|Crash Override wrote:
|Well, that's assuming that the planet is ruined. And even if it is, if he simply removed the droids that were poisoning it and replaced them with droids that legitimately tried to restore the flora, it would be a while before the lack of results is noted -- the Noghri didn't even notice the opposite when the Empire was poisoning the planet.
It seems like Thrawn does still demonstrate the Imperial chauvinism. The Noghri aren't Thrawn's equal so he's content to keep Palpatine's one-sided arrangement in place rather than do anything for their welfare.
The way Thrawn and Pellaeon treat the Noghri, not just to them but their general attitude toward them, is really callous and ruthless. Pellaeon wants to have Rukh killed just because Rukh annoys him by sneaking up on him. Thrawn makes the Noghri grovel at his feet.
And it's not just the Noghri. There's a stark contrast to the way that Denning wrote Thrawn in Tatooine Ghost where he's incognito as a stormtrooper commander re-educating his troops, and the way he's actually depicted in Heir to the Empire. In the former, a stormtrooper threatens someone that they're questioning, so Thrawn smashes his rifle stock over the stormtrooper's head and asks him if he feels like helping Thrawn now.
Yet in Heir to the Empire, Thrawn is on Wayland seeking the guardian of Mount Tantiss, and when someone fires an arrow at Thrawn, he has the building the perpetrator was in leveled, then demands to be taken to the guardian. It definitely seems like Thrawn is a lot less diplomatic with those he deems inferior, whether it be low-tech humans on Wayland or Noghri.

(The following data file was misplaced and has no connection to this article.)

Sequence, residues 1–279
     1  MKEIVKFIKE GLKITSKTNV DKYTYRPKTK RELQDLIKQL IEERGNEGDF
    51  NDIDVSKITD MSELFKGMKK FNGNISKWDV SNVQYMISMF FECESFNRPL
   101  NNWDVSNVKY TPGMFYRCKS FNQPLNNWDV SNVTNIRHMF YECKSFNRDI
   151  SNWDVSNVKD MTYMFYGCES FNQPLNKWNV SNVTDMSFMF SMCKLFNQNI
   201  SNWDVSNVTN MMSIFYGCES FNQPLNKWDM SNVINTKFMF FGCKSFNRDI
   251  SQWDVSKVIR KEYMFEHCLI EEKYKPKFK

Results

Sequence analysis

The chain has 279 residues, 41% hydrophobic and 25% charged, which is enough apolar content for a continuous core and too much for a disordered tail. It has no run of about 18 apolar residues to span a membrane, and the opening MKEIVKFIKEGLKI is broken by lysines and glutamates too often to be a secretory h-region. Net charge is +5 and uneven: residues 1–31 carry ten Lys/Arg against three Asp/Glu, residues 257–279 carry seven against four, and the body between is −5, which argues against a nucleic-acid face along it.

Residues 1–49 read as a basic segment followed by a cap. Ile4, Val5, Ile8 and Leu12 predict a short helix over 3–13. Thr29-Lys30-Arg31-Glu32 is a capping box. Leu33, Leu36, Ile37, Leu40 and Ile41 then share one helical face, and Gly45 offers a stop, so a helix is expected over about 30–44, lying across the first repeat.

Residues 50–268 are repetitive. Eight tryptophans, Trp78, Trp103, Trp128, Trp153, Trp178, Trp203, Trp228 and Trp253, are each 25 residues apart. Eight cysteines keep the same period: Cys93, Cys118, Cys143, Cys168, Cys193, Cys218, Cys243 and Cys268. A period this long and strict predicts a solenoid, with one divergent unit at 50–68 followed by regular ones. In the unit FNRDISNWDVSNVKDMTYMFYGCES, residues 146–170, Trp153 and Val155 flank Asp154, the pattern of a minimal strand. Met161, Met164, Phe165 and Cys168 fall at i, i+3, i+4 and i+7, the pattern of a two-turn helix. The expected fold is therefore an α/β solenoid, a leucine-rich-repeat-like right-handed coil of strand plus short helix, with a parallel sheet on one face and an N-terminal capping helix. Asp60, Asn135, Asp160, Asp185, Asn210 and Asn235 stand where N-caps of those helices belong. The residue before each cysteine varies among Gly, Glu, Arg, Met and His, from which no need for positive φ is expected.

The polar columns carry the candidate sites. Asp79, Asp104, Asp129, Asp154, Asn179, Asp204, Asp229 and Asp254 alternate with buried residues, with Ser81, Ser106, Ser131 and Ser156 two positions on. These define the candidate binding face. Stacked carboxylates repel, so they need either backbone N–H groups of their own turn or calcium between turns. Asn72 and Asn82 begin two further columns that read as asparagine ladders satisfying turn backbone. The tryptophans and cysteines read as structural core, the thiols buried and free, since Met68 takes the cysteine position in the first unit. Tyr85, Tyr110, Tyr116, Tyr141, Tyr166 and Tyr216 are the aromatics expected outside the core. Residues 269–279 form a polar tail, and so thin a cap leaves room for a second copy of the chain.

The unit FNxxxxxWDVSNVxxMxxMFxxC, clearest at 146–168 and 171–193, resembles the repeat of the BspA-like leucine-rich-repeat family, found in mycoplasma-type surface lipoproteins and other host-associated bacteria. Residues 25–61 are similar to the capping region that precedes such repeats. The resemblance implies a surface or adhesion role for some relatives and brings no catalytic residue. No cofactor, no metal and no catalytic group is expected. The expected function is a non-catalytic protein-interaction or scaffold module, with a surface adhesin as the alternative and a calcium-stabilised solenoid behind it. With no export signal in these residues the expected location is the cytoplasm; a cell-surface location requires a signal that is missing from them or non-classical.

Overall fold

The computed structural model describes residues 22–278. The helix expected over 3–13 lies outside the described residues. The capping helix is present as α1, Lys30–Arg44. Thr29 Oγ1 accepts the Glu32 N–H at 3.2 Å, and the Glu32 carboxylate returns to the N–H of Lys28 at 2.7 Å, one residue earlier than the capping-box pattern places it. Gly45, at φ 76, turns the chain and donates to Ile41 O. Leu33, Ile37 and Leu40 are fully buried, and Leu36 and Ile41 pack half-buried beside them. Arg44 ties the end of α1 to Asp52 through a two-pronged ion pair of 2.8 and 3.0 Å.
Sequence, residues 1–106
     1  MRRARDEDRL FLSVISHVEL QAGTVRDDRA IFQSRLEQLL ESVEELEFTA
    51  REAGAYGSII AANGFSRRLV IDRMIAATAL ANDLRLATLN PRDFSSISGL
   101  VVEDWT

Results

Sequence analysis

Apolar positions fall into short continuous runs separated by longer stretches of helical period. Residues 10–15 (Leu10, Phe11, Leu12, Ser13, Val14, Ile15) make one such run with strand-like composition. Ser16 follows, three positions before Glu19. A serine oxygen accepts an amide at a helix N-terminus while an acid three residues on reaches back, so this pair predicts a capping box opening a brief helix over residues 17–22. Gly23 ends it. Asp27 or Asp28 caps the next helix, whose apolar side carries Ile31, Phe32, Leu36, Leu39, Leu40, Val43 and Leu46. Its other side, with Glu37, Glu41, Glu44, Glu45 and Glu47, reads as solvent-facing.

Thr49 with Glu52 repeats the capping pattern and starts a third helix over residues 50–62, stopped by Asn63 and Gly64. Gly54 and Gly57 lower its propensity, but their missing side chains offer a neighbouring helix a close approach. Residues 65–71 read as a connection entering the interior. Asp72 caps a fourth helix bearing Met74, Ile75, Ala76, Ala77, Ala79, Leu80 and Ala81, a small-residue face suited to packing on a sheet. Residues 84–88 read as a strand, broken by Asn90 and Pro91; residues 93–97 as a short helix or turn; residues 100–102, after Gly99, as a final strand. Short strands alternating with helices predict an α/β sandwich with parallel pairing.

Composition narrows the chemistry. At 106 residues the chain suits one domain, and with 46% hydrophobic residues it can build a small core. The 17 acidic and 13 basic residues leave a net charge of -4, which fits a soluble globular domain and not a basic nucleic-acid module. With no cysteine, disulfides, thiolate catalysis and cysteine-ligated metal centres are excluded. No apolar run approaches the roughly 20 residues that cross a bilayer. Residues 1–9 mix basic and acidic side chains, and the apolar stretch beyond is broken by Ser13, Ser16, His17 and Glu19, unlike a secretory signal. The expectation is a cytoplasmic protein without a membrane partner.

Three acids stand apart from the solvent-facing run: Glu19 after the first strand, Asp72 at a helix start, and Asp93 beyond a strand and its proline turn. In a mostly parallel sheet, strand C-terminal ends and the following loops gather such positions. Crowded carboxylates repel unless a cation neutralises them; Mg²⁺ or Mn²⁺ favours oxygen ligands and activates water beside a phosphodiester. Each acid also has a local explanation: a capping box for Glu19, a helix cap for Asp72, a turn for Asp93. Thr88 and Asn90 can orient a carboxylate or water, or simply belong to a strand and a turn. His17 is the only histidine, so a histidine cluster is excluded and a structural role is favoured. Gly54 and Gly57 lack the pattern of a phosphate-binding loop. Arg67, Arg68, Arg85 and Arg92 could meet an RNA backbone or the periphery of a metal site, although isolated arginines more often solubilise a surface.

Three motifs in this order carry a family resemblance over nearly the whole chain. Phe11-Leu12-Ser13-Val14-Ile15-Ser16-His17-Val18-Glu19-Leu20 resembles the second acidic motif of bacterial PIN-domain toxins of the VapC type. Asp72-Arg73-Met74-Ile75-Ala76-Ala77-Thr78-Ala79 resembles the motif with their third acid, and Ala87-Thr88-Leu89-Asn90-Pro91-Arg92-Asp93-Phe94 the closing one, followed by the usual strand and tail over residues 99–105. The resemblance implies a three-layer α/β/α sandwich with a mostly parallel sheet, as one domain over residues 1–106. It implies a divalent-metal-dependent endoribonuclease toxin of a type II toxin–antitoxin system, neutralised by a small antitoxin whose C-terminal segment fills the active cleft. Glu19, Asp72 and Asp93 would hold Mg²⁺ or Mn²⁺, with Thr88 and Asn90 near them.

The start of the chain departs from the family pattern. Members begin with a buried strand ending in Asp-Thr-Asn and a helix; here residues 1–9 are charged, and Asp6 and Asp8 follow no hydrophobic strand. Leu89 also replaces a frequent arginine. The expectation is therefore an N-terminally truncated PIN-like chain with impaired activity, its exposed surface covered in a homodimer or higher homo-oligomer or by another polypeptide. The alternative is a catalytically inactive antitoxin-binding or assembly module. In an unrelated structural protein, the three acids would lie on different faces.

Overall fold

Going back to IR2's desire to see a clone of Thrawn, I wouldn't be surprised to see the ruthless Thrawn in the trilogy to be explained as a ruthless clone, although I think that Crisis of Faith sort of goes against that.
Replying to your earlier post, I must concede part of the point, which is, yes, Thrawn was more evil in the Trilogy than in any later depictions. Concerning the Noghri, I am willing to admit that Thrawn did seem to look down on them at least somewhat, though not necessarily because of their ignorance of technology.
Your clone theory, however, I do not think likely, and I would hate for them to retcon his personality difference in that way. As I stated already, there is only one Thrawn. Cloning him, no matter how they did it, would only cheapen the character for me. I would think it more likely that the more time Thrawn spent in the Unknown Regions, the more he came to despise primitives who would worship anything that acted impressively. Both the Noghri and the Wayland natives would, in his mind, fit into that category. However, I believe that his last words are indicative of a new sense of respect for the Noghri after Ruhk's betrayal.
"You keep talking about a maker. Who made you?"
"Actually, I don't quite recall. But I was made, so the existence of my maker is beyond question. And since I consider my existence to be a good thing, he was without a doubt benevolent and forward thinking."
~Allana Solo and C-3PO
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